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Google faces EU, US investigations over Safari privacy row

updated 11:30 am EDT, Fri March 16, 2012

EU and US worried Google broke privacy rules

Sources slipped word late Thursday that several American and European regulators were investigating Google over the practices that led to possibly breaching Safari privacy. France's Commission Nationale de l'Informatique et des LibertÚs, the US Federal Trade Commission, and the attorneys general of several states were said by the Wall Street Journal to be looking into whether Google had been deceptive in letting browser cookies through despite users' own settings. The CNIL would be bolting the checks on to its existing privacy investigations, while the FTC wanted to see if the behavior violated an earlier privacy agreement where Google said it would be straightforward in requests.

The FTC was checking to see how many people had been covered, which could be interpreted as a preamble to proposing a fine.

Google wouldn't immediately confirm the investigations at hand, but said it would "of course cooperate" if asked. A spokeswoman reiterated that the effects of its browser behavior, which let third parties and not just itself inject cookies, weren't expected. Google had been pulling those ad cookies, she added.

Concerns had escalated after an investigation found that Google's website was ignoring Safari privacy limits in certain conditions. On Safari, it was submitting a fake form that 'tricked' the browser into taking a cookie so that expected behavior with +1s would keep working even if all cookies were turned off. Microsoft claimed that Google was trying a similar approach, but it has been called into question for possibly using a legitimate concern to piggyback with a questionable attack against Google.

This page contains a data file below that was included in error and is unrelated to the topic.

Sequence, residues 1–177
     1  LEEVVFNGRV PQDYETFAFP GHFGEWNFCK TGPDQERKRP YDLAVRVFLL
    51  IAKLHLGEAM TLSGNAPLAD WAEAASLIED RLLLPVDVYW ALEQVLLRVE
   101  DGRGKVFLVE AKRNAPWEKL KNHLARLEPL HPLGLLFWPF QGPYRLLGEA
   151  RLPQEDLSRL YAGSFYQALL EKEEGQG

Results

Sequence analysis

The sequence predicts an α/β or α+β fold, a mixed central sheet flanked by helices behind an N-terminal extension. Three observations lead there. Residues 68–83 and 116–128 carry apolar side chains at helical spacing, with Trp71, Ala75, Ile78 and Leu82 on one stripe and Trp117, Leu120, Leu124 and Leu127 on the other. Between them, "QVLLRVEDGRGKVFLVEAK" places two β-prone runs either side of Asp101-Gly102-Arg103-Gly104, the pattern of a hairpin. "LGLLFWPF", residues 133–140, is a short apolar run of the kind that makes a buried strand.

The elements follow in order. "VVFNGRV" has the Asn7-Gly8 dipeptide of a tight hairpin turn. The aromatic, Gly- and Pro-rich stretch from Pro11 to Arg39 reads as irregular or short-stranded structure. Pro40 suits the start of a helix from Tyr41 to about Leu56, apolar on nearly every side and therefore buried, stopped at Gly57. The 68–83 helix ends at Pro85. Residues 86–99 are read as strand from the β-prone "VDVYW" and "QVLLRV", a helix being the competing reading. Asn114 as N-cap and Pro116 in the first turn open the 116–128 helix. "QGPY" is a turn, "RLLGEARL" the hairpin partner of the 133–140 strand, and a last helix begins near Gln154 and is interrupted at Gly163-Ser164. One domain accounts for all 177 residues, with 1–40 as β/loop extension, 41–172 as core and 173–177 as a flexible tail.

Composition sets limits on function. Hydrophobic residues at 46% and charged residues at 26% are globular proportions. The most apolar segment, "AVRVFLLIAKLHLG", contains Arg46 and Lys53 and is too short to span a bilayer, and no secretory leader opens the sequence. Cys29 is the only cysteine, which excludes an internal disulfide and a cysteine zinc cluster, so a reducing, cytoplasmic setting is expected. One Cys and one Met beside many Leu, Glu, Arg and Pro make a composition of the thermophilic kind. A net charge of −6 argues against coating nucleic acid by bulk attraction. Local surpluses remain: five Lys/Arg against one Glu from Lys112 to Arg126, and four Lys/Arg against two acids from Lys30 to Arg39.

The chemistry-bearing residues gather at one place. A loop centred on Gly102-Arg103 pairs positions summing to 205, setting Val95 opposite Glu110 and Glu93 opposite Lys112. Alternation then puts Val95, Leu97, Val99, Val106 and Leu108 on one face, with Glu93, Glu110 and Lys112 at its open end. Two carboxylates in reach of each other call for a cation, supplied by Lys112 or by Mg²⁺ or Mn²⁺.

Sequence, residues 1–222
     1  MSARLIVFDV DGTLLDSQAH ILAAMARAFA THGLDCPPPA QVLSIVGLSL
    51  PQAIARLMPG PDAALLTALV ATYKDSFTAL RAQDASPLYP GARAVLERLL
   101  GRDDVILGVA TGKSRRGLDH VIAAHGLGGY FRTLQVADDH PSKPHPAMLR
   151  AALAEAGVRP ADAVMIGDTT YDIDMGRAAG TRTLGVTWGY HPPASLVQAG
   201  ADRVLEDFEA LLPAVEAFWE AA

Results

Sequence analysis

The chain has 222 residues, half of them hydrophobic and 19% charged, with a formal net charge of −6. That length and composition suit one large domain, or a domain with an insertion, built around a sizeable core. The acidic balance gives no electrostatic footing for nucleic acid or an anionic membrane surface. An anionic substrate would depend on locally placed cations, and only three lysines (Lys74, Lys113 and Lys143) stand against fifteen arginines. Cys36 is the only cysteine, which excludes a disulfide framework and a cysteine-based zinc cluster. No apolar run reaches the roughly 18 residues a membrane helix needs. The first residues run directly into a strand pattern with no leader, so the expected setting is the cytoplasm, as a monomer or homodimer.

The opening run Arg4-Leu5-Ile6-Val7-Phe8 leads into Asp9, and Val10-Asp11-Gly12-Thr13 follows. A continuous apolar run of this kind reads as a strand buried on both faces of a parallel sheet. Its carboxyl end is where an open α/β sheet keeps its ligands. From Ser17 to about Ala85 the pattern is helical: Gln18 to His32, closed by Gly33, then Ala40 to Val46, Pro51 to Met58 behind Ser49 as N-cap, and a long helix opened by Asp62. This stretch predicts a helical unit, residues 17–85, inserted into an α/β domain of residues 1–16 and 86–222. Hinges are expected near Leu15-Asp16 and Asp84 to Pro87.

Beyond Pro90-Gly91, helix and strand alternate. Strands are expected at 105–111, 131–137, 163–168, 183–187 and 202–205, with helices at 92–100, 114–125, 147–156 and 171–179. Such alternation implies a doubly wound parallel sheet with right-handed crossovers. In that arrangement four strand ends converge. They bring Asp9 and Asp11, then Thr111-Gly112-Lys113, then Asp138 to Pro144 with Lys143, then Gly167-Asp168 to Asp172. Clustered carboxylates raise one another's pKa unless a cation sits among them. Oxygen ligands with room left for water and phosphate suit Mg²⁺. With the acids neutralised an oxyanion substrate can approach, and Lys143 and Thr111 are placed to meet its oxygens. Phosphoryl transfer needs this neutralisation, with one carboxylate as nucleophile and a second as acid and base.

Several investigations are underway worldwide that have increasingly cast Google as having pushed too hard on search and attempts to collect information. Particularly in the wake of Google+ and its desire to link a personal account to various services, concerns are that it has been prioritizing its own services unfairly relative to its market share on the web and in mobile.

by MacNN Staff



  1. Bobfozz

    Joined: Dec 1969


    the greatest lie by the devil...

    was showing others he didn't exist! This is Google. Their greatest marketing "genius" was creating all these apps for people too cheap to pay for and who wouldn't buy anywhere else. (Think Photoshop e.g.). If a furor is created over invasion of privacy, like lambs the cheapskates will go to the slaughterhouse rather than lose their apps. They will complain about lack of privacy but aren't ready to jump to something other than gmail or Picassa or a Bloggerspot.
    So they governments will have to do what the people are unwilling to do. Greed and power is the downfall of many a big business... and Google is trying to get theirs before they topple.

  1. testudo

    Joined: Dec 1969



    Safari allowed a website to circumvent it's cookie privacy settings, and it's the website that's at fault, not the browser. Hmmmm, okay.

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